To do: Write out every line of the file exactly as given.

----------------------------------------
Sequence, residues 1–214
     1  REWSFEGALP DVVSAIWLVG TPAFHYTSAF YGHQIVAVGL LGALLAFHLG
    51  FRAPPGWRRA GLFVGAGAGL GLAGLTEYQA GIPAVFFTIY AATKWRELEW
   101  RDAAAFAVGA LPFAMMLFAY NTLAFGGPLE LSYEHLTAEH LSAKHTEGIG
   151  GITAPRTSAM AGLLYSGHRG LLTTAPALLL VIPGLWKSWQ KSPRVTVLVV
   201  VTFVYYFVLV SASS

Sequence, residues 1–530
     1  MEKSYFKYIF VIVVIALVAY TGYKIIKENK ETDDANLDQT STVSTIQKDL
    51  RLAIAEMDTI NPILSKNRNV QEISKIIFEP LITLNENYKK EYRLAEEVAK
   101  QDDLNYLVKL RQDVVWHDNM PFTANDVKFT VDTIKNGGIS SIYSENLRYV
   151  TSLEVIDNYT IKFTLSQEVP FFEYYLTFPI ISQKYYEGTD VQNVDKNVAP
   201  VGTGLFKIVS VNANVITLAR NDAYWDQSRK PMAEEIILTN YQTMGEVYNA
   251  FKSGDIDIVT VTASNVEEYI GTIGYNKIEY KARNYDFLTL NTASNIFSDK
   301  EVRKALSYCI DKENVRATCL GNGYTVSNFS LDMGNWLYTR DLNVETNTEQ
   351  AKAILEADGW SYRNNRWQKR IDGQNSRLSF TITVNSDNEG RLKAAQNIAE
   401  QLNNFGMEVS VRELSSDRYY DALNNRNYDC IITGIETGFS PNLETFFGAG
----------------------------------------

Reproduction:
Sequence, residues 1–214
     1  REWSFEGALP DVVSAIWLVG TPAFHYTSAF YGHQIVAVGL LGALLAFHLG
    51  FRAPPGWRRA GLFVGAGAGL GLAGLTEYQA GIPAVFFTIY AATKWRELEW
   101  RDAAAFAVGA LPFAMMLFAY NTLAFGGPLE LSYEHLTAEH LSAKHTEGIG
   151  GITAPRTSAM AGLLYSGHRG LLTTAPALLL VIPGLWKSWQ KSPRVTVLVV
   201  VTFVYYFVLV SASS

Sequence, residues 1–530
     1  MEKSYFKYIF VIVVIALVAY TGYKIIKENK ETDDANLDQT STVSTIQKDL
    51  RLAIAEMDTI NPILSKNRNV QEISKIIFEP LITLNENYKK EYRLAEEVAK
   101  QDDLNYLVKL RQDVVWHDNM PFTANDVKFT VDTIKNGGIS SIYSENLRYV
   151  TSLEVIDNYT IKFTLSQEVP FFEYYLTFPI ISQKYYEGTD VQNVDKNVAP
   201  VGTGLFKIVS VNANVITLAR NDAYWDQSRK PMAEEIILTN YQTMGEVYNA
   251  FKSGDIDIVT VTASNVEEYI GTIGYNKIEY KARNYDFLTL NTASNIFSDK
   301  EVRKALSYCI DKENVRATCL GNGYTVSNFS LDMGNWLYTR DLNVETNTEQ
   351  AKAILEADGW SYRNNRWQKR IDGQNSRLSF TITVNSDNEG RLKAAQNIAE
   401  QLNNFGMEVS VRELSSDRYY DALNNRNYDC IITGIETGFS PNLETFFGAG